Parents in British Columbia are responsible for the way they speak about their co-parents.
Emotions can feel overwhelming leading up to and following separation and divorce. The British Columbia Court of Appeal has ruled, however, that high emotion is not an excuse for damaging communications. This may come as a surprise in a time when social media has made it easy to text, tweet and post reflexively.
In the decision of Friedlander v. Claman, 2016 BCCA 434, the British Columbia Court of Appeal effectively ruled that parents are responsible for keeping their emotions in check when communicating about their children.
In Claman the mother and father of a pre-teen, were bound by an Order that:
“All communications between the parties shall be respectful….[and, except for emergencies] by email and shall be restricted to matters relating to [the Child]….”
Despite this Order, the mother of the child sent the father texts and emails that Madam Justice D. Smith for the Court of Appeal said unambiguously used “language that is threatening, taunting, derogatory and inflammatory, and that far exceed the permitted communications concerning the health and education of the child”. The mother’s communications included allegations of criminal activity by the father’s brother, accusations of lying and threats to report the father to the Ministry (presumably of “Child and Family Development” and “authorities”).
The mother, while admitting she had sent most of the communications in issue, said two things in response to the father’s assertion that the communications constituted contempt of a Court Order:
First, the mother said that the Order for “respectful communication” was unclear. The word “respectful” was too ambiguous for her to know what she could say and what she couldn’t. Second, she said, her conduct was only “trivial” or emotional, reactive or possibly “irresponsible” but not so wilful or intentional as to constitute contempt of a Court Order.
The Trial Judge and then, as stated, the Court of Appeal, disagreed. ** Madam Justice Smith, for the Court, wrote plainly and firmly, that people understand what respectful communication is and can be held to it. At paragraph 57 of her Reasons, she said:
“The requirement for ‘respectful’ communication is easily understood with a modicum of common sense. Any reasonable person would understand that threats, unsupported allegations of misconduct, name-calling, and defamatory or degrading remarks are not respectful.”
Ultimately in the Claman case, the Court of Appeal upheld the Supreme Court Judge’s Decision to move the child into a primary residence with her father from a shared parenting arrangement. The mother’s inability or unwillingness to appreciate the harmful impact of her words about the father on the child, and willful disregard for Court Orders, were factors in this change.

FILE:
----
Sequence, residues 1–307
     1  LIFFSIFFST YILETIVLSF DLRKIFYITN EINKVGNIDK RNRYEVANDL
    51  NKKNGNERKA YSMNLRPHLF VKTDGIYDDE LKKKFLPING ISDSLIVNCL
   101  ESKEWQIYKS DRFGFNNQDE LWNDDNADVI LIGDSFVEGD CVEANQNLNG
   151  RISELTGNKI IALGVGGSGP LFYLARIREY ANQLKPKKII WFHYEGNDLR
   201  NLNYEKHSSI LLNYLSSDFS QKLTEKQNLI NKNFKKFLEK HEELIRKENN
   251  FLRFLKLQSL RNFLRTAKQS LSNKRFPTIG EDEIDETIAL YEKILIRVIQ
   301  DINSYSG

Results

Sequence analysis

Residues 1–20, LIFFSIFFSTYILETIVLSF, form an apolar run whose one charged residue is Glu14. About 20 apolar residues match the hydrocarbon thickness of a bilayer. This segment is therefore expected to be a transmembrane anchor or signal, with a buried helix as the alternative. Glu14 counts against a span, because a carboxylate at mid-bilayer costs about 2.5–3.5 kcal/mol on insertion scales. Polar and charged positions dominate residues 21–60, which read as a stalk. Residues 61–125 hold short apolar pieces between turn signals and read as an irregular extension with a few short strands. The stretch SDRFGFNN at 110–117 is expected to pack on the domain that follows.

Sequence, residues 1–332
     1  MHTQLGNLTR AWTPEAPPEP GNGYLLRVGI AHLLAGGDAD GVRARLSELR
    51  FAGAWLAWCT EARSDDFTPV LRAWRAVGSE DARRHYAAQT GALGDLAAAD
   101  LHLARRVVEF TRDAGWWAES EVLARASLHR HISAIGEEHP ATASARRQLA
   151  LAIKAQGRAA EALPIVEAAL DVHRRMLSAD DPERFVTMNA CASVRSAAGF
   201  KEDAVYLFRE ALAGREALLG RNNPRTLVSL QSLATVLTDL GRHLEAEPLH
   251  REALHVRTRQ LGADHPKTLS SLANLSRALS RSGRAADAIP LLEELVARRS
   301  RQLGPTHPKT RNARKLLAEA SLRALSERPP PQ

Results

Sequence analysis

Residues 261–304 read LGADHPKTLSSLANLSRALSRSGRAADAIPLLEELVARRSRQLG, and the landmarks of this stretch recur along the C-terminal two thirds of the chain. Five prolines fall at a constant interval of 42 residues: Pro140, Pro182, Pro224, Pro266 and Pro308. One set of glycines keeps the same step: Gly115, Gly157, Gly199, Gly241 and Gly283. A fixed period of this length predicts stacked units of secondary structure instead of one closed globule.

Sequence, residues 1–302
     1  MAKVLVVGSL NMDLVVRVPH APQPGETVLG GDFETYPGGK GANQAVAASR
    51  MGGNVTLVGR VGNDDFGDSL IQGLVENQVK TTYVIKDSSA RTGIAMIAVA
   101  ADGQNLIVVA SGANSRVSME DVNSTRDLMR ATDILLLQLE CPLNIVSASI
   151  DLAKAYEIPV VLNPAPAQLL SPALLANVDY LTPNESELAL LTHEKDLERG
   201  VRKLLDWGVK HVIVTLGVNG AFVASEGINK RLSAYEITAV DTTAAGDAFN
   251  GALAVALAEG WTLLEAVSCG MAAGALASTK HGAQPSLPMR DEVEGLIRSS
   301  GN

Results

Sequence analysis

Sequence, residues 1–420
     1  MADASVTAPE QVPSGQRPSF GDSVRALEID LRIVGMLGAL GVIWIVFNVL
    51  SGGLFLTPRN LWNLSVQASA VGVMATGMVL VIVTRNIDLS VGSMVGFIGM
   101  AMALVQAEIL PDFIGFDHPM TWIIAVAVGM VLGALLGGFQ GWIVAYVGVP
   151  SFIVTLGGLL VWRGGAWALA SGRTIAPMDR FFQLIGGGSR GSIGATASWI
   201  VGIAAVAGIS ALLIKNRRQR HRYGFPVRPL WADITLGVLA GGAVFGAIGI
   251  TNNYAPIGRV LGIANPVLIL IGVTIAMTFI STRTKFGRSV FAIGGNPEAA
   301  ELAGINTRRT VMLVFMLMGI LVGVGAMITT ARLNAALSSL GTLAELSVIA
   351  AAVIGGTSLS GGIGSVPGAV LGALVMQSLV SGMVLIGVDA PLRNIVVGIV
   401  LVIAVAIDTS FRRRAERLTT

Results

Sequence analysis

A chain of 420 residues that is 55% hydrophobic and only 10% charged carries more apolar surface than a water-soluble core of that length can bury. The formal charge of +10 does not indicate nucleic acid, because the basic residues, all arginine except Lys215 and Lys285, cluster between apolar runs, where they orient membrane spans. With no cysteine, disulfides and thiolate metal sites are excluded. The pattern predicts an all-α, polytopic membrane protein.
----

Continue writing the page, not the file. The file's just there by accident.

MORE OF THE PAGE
Most parents do not want and cannot afford to bring disputes about communication to Court. “Respectful” communication between co-parents, however, is vital to the health and welfare of children.
If communication is an issue between you and your co-parent after separation or divorce, the professionals at Brown Henderson Melbye, in their capacities as lawyers, mediators, arbitrators or parenting coordinators, can talk to you about:
- making a parenting or separation agreement or getting a Court Order that requires “respectful” communication or establishes communication protocols;
- child specialists, divorce coaches or other professionals who can provide education about, and the skills to engage in, healthy and respectful communications; and,
- how to enforce agreements or Orders about communication whether you are in a low conflict situation, where discussion and education may be sufficient, or like the Claman-Friedlander family, a higher conflict situation where processes such as court or the use of a parenting-coordinator might be necessary.
At Brown Henderson Melbye we encourage our clients to abide by the Facebook Post that circulates from time to time, suggesting that we all:
Dance like no one is watching, and,
Text, email and tweet like it will be read in court one day.
** The Court of Appeal reversed some of the contempt rulings made by the Supreme Court Judge, for reasons relating to the laws of evidence, while upholding others as set out above.